Due to an unsolicited and fortuitous book building offer, the taxpayer disposed of its JDG shares in April 2004, only a few months after it had acquired those shares in 5 December 2003. It made a profit of nearly R400 million. The principal question in the appeal was whether the proceeds from the disposal were of a revenue or capital nature. The Tax Court, per Judge Davis , held the proceeds to be revenue in nature. The finding was overturned by a full bench of the High Court in favour of the taxpayer.

The SCA agreed with the Tax Court that one must look at the effective date of the MOU, being 26 June 2002, as the date of acquisition despite the date on which the shares were legally transferred to the taxpayer. The Court confirmed that receipts and accruals arising from a detailed transaction should be considered in its entirety from a commercial perspective and not be subjected to narrow legalistic scrutiny. The purpose of the transaction was accordingly determined as at 26 June 2002.

The taxpayer ultimately succeeded in the SCA that the proceeds should be regarded as capital in nature as it was able to show that its first and primary purpose in acquiring the shares was to rescue a major business in the furniture retail industry by way of a long-term investment of capital. Acquiring the shares therefore did not form part of the operation of a business in a scheme of profit making. It transpired that the taxpayer succeeded in its purpose sooner than had been initially expected due to skilled management and favourable economic conditions. The taxpayer’s intention at acquisition was decisive as the Commissioner did not argue a change of intention by the taxpayer.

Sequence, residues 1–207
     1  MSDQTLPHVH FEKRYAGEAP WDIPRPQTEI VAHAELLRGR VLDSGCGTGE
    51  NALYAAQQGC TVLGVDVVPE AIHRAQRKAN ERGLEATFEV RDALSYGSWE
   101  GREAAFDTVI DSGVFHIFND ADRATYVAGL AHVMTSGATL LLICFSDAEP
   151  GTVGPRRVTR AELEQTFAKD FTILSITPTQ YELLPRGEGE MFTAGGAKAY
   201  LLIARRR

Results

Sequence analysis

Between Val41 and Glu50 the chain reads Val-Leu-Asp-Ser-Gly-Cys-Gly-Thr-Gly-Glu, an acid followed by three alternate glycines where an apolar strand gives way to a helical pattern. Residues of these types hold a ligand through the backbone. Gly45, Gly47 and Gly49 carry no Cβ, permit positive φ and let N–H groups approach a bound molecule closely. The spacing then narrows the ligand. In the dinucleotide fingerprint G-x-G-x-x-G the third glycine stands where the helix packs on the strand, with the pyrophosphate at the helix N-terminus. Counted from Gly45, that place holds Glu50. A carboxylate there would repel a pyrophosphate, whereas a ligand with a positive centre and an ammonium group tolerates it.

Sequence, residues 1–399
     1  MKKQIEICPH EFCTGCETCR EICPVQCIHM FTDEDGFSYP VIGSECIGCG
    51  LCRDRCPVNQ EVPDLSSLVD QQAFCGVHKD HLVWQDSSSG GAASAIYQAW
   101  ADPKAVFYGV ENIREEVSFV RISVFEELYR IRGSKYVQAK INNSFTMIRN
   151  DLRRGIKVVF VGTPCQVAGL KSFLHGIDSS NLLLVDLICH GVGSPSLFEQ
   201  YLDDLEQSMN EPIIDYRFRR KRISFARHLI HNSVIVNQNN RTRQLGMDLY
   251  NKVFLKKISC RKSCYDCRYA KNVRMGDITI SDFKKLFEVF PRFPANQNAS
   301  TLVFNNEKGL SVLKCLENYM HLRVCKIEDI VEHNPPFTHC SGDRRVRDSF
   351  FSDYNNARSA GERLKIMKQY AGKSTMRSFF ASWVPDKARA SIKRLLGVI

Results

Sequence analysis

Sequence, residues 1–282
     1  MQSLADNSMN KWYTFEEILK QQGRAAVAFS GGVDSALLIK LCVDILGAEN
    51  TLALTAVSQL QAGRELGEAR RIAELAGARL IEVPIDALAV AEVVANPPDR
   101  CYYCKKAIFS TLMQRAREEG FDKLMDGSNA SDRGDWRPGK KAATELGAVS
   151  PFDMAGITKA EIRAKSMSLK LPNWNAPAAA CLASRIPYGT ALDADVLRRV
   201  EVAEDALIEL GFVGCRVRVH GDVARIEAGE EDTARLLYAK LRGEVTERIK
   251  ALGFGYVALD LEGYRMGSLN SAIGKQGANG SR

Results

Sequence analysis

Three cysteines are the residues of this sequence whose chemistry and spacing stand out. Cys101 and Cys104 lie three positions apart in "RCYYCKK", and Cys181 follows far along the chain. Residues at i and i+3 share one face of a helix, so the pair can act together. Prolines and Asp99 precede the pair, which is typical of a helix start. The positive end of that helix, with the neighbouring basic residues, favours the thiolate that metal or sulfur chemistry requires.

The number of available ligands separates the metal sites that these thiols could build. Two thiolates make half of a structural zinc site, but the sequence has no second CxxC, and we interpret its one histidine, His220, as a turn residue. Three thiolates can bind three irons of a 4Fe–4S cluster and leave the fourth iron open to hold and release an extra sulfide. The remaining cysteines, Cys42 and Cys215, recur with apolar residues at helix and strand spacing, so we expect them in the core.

In July 2004, after the disposal of the JDG shares, the taxpayer incurred an unconditional liability to the amount of R55 million towards its co-shareholder, Daun et Cie, in substitution for the contingent liability of R62,5 million which it had towards FirstRand. The High Court had held that as the indemnity payment was converted from a contingent liability to an unconditional liability subsequent to the disposal of the shares by the taxpayer, it could not form part of the base cost of the shares because it did not constitute expenditure actually incurred in respect of the costs of acquisition in accordance with paragraph 20(1)(a) of the Eighth Schedule. The SCA disagreed. It held that the contingent liability taken up by the taxpayer in favour of FirstRand undoubtedly formed part of the purchase consideration for the JDG shares. Whether the conversion of the contingent liability to an unconditional liability was financially wise, was immaterial, as was the fact that the conversion occurred after the disposal of the shares by the taxpayer. The words ‘in respect of’ connote a causal relationship. The SCA found that the causal link of the expenditure with the acquisition of the shares was never broken and that the acquisition of the shares remained the causa causans of the indemnity payment despite that it was converted from a contingent liability to an unconditional liability by the taxpayer after the date of disposal. Therefore, the indemnity payment formed part of the base cost of the shares.